Earlier this year Arnold Schwarzenegger announced that he was back, cue people running for cover and bad guys bracing themselves for a good hiding. Back, bigger and most saliently more wobbly than ever, he soon lined up a veritable firing range of new projects to helm, star in and overall just carry to box office success on his broadest of shoulders. But at the ripe old age of 63 and after a prolonged incubation period for his ever growing cliché, how much his shoulders can take is definitely up for debate.
Always more content when punching dreadlocked aliens, physical manifestations of the antichrist and pretty much everyone to death than when using ‘ideas’, ‘rhetoric’ and ‘any semblance of intelligence’ to get things done, it did indeed seem strange when he was elected Governor of California in 2003. After slowly departing into his tenure in politics through a slew of tired and mechanically deficient star vehicles (ending with the abject tedium of Terminator 3) he disappeared from our screens almost completely. For eight years he subsisted upon minor roles, meagre cameos and his estimated $200 million fortune until his political career ended and his personal life collapsed amongst allegations of extra-marital affairs and children.
Now if there is one thing that can be said for good ol’ Arnie it’s that he can cheat on his wife with the best of them and as he attempted to furnish his transition back onto the big screen the proverbial hit the fan and as of May the 20th his return has been put on hold. But this is most definitely not the end. With movie bosses offering up their money, reputation and most probably daughters to the altar of Arnie in order to bag his first role back from the Republican wilderness, the lure of $40 million for example to do two more Terminator movies may be too tempting to turn down.
He’s been linked to Antoine Fuqua’s new project The Tomb, Brad Furman’s Cry Macho and of course Justin (Fast and the Furious 5) Lin’s aforementioned reboot of the role that made Schwarzenegger a household name. He can go one of two ways with his comeback therefore, the easy or the hard, and it’s difficult to see whether either will be successful.
The easy would be to do the whole “I’ll be back” schtick again and hope that it sticks, but at 63 and with the franchise on a two flop losing streak is this a realistic prospect? Also as much as I dislike James Cameron as a person, one has to admit that with T2 at least (if not with The Terminator itself) he did a sterling job. Lin just isn’t in the same league. A reboot or a couple more sequels just seems like a heavily misjudged marketing decision. But sure enough if Arnie does choose to go down the path most marketed he is guaranteed to make enough money to ease the pain of a creative, if not commercial, failure.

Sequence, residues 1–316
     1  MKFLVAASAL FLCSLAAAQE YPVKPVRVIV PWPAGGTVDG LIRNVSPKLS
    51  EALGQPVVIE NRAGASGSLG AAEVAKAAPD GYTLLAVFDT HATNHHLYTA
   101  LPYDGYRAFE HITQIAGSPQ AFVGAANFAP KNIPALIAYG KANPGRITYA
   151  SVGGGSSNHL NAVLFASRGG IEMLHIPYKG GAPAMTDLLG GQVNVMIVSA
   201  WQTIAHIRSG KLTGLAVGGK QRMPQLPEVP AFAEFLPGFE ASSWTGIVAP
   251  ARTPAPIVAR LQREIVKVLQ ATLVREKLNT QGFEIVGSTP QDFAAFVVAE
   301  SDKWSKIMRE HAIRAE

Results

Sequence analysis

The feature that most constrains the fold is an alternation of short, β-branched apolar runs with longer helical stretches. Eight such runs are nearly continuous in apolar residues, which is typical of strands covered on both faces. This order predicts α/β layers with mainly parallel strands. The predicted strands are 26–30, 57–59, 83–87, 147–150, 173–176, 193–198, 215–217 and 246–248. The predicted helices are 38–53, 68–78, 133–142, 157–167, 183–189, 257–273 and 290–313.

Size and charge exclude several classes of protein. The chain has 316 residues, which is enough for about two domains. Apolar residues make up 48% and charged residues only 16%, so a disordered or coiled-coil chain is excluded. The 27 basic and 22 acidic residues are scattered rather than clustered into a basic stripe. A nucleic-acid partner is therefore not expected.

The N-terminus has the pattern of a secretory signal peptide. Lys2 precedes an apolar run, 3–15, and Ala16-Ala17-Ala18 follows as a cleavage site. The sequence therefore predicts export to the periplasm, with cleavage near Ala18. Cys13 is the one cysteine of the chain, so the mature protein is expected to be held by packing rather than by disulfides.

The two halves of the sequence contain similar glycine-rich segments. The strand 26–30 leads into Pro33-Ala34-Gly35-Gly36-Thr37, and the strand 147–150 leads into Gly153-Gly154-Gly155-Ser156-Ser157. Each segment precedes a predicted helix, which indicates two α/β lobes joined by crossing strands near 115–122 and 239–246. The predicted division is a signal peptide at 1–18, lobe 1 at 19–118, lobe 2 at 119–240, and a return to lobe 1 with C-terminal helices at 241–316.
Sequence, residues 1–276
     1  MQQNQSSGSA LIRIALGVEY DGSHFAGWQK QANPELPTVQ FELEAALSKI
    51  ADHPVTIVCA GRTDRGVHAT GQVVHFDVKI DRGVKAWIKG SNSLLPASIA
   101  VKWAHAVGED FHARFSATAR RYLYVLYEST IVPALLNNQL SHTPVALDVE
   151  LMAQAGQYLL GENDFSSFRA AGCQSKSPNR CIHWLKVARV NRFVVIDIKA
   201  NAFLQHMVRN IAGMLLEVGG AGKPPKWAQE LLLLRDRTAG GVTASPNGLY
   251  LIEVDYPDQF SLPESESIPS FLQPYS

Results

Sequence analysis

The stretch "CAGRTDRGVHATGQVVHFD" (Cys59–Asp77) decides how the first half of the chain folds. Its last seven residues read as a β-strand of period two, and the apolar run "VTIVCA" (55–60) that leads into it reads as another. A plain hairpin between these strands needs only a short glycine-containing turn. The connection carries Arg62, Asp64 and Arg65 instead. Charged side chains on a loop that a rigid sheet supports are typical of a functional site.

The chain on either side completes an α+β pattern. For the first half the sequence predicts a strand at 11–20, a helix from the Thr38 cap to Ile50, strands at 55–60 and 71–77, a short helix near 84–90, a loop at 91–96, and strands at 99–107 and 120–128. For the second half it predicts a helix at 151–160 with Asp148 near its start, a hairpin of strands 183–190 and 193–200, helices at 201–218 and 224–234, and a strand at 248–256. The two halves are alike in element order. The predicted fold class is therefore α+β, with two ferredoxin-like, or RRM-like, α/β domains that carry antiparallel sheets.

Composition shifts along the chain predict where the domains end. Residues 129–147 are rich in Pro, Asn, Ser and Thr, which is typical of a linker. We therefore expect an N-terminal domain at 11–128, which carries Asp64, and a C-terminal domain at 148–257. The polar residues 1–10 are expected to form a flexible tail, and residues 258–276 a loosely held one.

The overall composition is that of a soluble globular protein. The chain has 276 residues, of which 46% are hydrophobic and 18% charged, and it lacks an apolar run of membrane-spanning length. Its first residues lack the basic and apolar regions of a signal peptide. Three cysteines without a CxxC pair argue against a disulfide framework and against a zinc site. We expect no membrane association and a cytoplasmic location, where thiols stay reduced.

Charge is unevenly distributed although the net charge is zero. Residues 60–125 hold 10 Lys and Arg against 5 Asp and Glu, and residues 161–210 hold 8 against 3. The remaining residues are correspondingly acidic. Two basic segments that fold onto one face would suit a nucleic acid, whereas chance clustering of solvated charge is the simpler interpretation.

The way he’s been talking recently however seems to indicate otherwise. In Cry Macho for example Schwarzenegger is slated to play a horse trainer who must bring his estranged son back from Mexico. Reinventing himself for such physically tame and emotionally charged fare will be a tough task though as everyone’s favourite Austrian bodybuilder has two huge obstacles to surmount in the pursuit of a more legitimately artistic late stage career. Firstly (and this is about as indisputable as subjective film criticism can get) Arnie cannot act. Whilst acting no-marks like Adam Sandler have shown glimmers of talent amongst all of the hackneyed hokum and abjectly serviceable box-office fodder (his moment coming in 2002 with Paul Thomas Anderson’s Punch Drunk Love), Arnie has never shown as much as a twinkle. He glided through his movie career with nothing more than muscles, well chosen projects and a precision crafted cliché to which the likes of Steven Seagal and Jason Statham can only aspire.
Aside from the limitations of his acting skill, Schwarzenegger’s clichéd persona is the second reason why a sudden leap into the dramatic would be fraught with difficulty. After twenty years of careful cultivation and an eight year breathing space for it to stew and mature, his action hero facade seems almost insurmountable. To put it one way, he was never in the running for Robert Redford’s role in The Horse Whisperer, and that’s not because Redford was directing. Won’t this surely extend to his sure-fire, no doubt, ace-in-the-hole, box-office gold in the form of a Schwarzenegger lead Terminator sequel though? If he were to don the leather jacket after so long, every time he opens his mouth his oft imitated and forever identifiable Arnie drawl would come crashing into the sound mix like a freight train of 80’s nostalgia. Don’t get me wrong, a campy, knowing reboot could be entertaining, but I don’t think it will be anything but a phoned in cash-in.
Although 2006’s Rocky Balboa showed how a well judged return can work wonders, Rocky was never so much an iconic character than an integral part of an iconic film. J.J. Abrams’ recent Star Trek showed how franchise resurrections can (and in The Terminators’ case I believe should) be done. The Terminator films were a product of their time and Arnie as the Terminator itself came to be synonymous with an era of cinema that has long since passed. Any reboot would need to leave the past behind and sever all its pop culture ties to the original. Maybe Arnold Schwarzenegger’s on-screen guise is similarly trapped in the past and barring an unlikely and possibly entirely unfeasible reinvention of himself, I think his return to the silver screen is unfortunately doomed to failure.